Tuesday, February 26, 2008

Green Roofs

Its a jungle up there – or at least it could be.

Green roofs have their advantages according to Chicago’s mayor Richard M. Daley.

"As well as saving building owners money, green roofs…improve the environment and contribute to a healthy city," said Mayor Daley. "These are the kinds of things that improve the quality of life in a city. Our trees, flowers, fountains and benches soften the city's rough edges, add some color and make people feel more at peace with the urban environment."

What is a green roof? In essence, a green roof is composed of indigenous plant life and soil over a waterproof membrane – all on the rooftop of a building.

Environmentally, green roofs offer many benefits. The insulated thermal mass keeps building temperatures warmer in the winter and cooler in the summer. Vegetation in an urban environment counteracts the “heat sink” affect of concrete and asphalt. Green roofs reduce storm water runoff; they clean pollutants from the air and pump additional oxygen into the urban environment.

Functionally, planted roofs lengthen the lifespan of the roof and provide extra patio space for the inhabitants. And urban gardens, including herbs and vegetables, make great use of city rooftops.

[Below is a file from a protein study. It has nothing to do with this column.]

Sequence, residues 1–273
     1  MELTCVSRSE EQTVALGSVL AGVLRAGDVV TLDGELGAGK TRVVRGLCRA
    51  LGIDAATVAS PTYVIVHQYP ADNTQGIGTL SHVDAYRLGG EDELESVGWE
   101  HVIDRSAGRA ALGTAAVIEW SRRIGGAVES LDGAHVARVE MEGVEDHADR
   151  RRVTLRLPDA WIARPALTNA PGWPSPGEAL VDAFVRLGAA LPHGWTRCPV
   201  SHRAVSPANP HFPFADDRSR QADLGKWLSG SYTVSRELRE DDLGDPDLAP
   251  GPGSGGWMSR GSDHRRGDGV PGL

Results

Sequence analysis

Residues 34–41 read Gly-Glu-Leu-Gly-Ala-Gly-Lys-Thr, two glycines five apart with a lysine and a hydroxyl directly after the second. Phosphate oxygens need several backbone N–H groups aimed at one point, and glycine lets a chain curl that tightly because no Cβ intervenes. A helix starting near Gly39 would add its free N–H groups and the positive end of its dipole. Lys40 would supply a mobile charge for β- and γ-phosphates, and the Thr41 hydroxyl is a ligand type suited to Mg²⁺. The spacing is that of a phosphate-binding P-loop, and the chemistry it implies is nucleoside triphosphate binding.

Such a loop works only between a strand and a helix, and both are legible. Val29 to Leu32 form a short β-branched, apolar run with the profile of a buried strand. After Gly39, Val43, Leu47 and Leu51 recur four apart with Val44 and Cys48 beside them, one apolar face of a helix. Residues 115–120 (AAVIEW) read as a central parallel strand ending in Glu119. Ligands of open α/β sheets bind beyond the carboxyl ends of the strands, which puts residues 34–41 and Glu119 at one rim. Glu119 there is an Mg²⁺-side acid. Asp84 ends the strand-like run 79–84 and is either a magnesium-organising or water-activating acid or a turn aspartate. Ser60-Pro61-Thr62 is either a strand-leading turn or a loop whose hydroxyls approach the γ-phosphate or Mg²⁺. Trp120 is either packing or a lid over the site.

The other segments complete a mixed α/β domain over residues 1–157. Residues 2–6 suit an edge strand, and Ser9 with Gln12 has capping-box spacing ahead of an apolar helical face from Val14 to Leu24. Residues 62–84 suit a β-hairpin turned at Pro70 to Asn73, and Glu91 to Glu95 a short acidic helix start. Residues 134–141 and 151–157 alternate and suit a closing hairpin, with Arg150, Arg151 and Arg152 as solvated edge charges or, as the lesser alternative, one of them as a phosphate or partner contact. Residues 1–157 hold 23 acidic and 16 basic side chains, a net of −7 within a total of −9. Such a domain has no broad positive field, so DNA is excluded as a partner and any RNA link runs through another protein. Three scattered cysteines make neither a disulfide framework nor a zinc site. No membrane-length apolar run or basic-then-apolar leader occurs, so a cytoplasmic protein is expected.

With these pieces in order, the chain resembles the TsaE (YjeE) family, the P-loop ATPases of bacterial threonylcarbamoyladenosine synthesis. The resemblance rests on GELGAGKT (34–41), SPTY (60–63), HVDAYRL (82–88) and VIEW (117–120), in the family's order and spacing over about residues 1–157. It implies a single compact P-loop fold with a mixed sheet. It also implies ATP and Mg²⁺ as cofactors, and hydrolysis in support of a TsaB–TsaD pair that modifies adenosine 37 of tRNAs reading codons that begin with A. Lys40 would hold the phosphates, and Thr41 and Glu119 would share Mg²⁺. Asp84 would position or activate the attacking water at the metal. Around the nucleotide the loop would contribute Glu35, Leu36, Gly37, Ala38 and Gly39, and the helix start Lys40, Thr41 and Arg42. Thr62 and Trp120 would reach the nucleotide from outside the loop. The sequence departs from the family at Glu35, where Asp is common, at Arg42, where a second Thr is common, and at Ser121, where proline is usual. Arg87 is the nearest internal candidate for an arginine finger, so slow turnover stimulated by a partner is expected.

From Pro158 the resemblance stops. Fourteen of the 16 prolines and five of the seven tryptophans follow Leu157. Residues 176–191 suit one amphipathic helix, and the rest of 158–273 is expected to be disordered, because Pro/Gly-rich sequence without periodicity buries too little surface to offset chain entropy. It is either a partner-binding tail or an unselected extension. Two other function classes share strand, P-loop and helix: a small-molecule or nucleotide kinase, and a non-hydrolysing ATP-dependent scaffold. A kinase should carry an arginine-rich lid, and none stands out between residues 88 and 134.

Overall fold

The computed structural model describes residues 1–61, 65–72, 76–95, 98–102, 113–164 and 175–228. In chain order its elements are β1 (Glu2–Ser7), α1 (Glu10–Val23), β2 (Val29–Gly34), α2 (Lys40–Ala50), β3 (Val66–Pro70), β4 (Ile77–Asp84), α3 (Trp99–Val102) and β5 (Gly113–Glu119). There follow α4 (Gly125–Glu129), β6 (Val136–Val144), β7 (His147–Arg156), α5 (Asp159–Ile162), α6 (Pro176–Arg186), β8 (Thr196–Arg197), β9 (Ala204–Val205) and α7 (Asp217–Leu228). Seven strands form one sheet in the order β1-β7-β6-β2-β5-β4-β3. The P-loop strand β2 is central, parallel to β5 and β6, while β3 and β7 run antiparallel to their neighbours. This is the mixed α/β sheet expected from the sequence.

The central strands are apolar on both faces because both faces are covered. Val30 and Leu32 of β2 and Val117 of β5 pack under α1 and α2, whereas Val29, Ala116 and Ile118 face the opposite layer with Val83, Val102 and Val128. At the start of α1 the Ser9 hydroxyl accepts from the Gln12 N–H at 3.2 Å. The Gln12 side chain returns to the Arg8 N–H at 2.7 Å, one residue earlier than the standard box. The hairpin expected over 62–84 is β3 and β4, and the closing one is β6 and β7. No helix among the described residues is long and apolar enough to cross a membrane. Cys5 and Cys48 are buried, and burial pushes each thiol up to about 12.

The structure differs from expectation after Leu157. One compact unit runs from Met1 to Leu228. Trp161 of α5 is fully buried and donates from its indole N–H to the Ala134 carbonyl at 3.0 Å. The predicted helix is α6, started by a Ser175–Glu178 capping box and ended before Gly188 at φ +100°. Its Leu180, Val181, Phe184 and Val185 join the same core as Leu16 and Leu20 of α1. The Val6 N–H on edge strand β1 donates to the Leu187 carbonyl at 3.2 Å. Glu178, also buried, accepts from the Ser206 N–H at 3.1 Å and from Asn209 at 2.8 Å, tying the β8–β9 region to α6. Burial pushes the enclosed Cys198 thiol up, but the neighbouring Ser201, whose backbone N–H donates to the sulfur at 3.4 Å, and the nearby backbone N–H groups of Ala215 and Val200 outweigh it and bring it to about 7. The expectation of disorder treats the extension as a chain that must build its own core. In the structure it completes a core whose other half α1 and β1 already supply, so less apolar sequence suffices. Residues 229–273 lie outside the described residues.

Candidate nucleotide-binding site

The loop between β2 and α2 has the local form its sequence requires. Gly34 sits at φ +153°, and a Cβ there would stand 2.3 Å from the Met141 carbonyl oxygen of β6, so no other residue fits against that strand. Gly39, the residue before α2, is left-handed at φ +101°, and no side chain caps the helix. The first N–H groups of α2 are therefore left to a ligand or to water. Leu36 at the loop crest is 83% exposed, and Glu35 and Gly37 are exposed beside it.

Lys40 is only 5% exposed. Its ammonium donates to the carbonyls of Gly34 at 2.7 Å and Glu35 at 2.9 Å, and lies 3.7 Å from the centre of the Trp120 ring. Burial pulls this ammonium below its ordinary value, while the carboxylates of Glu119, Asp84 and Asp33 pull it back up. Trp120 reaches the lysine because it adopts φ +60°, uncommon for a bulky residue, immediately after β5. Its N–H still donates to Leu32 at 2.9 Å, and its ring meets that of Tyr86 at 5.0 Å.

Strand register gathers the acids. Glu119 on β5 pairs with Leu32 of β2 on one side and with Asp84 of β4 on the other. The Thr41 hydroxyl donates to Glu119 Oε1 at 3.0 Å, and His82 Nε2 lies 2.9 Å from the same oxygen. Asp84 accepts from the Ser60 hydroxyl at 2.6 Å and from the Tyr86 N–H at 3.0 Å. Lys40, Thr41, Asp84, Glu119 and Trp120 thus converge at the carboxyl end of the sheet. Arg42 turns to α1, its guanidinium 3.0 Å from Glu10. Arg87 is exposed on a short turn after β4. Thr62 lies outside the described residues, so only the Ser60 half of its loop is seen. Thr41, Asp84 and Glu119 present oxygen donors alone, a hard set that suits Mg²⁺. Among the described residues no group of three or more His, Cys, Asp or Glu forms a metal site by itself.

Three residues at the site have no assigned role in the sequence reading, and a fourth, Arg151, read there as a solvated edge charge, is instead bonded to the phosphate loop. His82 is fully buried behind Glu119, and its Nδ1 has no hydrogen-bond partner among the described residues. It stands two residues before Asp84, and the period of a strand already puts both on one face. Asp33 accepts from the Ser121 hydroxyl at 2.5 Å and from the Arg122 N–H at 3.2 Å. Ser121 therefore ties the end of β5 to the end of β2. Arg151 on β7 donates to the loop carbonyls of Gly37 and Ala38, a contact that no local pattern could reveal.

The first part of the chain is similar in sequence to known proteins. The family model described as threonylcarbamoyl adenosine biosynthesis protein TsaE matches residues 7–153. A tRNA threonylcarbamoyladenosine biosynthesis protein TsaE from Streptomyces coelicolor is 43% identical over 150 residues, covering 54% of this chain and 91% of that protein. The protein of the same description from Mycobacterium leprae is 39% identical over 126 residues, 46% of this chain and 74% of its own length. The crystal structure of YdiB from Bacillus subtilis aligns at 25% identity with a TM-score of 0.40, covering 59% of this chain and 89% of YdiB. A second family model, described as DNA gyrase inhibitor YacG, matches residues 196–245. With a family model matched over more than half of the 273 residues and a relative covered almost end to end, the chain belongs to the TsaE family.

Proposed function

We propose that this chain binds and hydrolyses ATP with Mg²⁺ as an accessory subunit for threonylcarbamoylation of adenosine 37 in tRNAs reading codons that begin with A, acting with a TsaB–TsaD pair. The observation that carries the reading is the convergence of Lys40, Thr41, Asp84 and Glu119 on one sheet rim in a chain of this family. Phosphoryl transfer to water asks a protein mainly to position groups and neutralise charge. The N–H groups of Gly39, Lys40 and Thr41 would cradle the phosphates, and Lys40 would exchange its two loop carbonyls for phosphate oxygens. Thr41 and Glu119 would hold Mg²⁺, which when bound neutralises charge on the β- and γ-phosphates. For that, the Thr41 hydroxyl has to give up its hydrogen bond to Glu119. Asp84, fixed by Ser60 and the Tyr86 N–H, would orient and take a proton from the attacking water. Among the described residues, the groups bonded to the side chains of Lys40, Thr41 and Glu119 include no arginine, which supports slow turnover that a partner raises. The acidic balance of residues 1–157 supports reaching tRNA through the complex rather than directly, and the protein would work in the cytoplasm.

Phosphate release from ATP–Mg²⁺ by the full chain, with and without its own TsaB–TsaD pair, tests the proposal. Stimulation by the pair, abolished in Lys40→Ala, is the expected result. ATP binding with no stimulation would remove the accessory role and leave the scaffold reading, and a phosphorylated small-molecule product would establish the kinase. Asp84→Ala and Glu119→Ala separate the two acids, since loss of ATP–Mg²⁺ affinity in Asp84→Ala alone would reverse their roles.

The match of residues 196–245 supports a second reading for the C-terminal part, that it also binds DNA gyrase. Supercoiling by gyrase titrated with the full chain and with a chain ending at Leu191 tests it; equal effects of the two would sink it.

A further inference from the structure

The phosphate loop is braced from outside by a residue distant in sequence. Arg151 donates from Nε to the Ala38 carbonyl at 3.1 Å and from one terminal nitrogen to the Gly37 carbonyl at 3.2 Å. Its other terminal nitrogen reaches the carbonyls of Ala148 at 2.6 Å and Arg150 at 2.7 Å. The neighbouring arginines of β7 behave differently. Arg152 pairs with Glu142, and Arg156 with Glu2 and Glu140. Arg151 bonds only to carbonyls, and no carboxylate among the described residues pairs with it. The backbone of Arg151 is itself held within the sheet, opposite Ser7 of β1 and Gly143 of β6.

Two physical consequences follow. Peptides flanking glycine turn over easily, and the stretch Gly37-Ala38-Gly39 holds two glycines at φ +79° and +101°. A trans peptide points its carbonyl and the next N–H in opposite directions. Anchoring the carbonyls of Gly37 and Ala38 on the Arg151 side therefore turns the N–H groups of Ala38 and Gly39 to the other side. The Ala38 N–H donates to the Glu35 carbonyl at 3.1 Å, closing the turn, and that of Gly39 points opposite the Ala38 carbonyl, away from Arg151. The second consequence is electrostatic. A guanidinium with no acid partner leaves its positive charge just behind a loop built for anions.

Structure must be considered in any green roof adaptation. Smaller plant life takes less soil and can generally be installed on most roofs. Larger trees with bigger root balls should be located above existing structural elements (a column or large beam) so the weight can be transferred to the ground.

A few years ago, Chicago started a grant program (up to $5000) to encourage the installation of green roofs across the city. Chicago City Hall sports a green roof installed by the city in 2001. Since then, the city has saved tens of thousands of dollars on energy costs for this building alone.

Here’s a link for Chicago’s green roof program.


And a link to a site devoted to green roofs.


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